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IPG Hears Bear Call

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In the fall of 2003, not long after Interpublic Group brought in former chief executive David Bell to tackle the company's problems, Wall Street observer Joe Stauff was pretty much alone in recommending IPG's stock. Now, 18 months into the company's projected 24-36-month turnaround, the CRT Capital Group analyst has reversed his positive view of the stock and recommends that investors sell.

Stauff's earlier optimism was based on the potential of IPG's earning power—and an anticipated improvement in margins—amid a strengthening economy. He thinks that window of opportunity may have closed.

"We've had much slower than expected progress, which creates a relatively unattractive risk/reward for investors," Stauff said, "because the reoccurring issue of overbloated staff costs to revenue has emerged, and a larger competitive gap makes IPG more vulnerable to client churn, particularly in media buying and planning services."

Stauff said the biggest challenge confronting new IPG CEO Michael Roth is getting the holding company's headcount—which, according to Stauff, is two thirds of its overhead—more in line with its revenue.

He also voiced concern that media buying is becoming a strategic gap in the company's services, citing the loss of business from both Unilever and Nestlé. In addition, Stauff questioned whether cost savings from real estate and shared services can be made quickly enough and indeed be large enough to justify current expectations.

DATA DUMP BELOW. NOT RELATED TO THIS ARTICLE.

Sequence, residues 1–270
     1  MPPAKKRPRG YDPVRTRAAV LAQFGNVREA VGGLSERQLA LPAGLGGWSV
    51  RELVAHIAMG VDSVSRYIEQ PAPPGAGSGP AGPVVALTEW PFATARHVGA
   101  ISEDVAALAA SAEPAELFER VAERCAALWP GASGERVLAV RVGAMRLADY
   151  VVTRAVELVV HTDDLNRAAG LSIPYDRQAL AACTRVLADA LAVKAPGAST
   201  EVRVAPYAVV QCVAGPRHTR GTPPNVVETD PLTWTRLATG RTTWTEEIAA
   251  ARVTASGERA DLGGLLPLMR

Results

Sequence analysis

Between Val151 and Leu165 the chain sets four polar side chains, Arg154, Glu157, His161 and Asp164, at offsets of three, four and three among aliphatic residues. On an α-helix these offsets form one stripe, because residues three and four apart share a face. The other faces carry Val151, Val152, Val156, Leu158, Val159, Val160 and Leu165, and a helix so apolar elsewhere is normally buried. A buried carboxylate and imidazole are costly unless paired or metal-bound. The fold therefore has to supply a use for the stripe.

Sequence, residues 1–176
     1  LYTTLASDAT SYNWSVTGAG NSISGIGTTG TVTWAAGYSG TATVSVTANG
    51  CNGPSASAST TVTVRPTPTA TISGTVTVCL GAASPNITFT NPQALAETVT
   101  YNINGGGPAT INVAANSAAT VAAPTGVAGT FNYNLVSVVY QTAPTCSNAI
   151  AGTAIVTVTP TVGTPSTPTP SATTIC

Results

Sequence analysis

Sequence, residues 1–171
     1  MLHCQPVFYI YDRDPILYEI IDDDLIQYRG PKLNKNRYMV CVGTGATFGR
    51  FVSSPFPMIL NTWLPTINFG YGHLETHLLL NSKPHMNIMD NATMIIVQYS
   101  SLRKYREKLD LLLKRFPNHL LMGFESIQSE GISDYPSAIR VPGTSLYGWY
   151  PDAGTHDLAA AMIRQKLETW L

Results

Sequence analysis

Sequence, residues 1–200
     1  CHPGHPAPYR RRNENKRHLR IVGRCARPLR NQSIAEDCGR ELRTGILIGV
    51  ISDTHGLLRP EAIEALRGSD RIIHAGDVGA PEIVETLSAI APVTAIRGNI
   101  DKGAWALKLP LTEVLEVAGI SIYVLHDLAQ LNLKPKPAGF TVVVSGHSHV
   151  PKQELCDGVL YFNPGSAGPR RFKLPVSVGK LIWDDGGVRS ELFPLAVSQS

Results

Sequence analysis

According to Stauff, IPG generated about $6 billion in 2004 revenue, which would be a 3.5 percent increase over 2003. Stauff, who has followed the marketing communications industry at the former Schwab Soundview and First Boston, said the widening competitive gap between IPG and its peers will continue to impede the company's turnaround efforts.

In the near term, Stauff noted that IPG shares are more vulnerable, on the downside, by as much as 10 to 15 percent without the prospects of a commensurate increase. He also said he expects a 12-month price target of $13, which is in line with current price levels, and believes the company won't be able to get its operating margins up to current target goals of 11 to 14 percent without an expanded restructuring program to correct its staffing levels.

Stauff credits Bell—who relinquished his CEO role in January— with retaining key talent and clients and stabilizing the company. But after IPG COO and CFO Chris Coughlin unexpectedly resigned in June—after just a year on the job—the dynamic in IPG's executive corridors changed.

"The company's lack of a 'good cop, bad cop' balance at the management level when Coughlin left came at a very critical stage in its turnaround, when the low-hanging fruit had been picked and more structural decisions and operating discipline needed to be made, especially given a lower margin of error due to the less than stellar recovery in place," explained Stauff.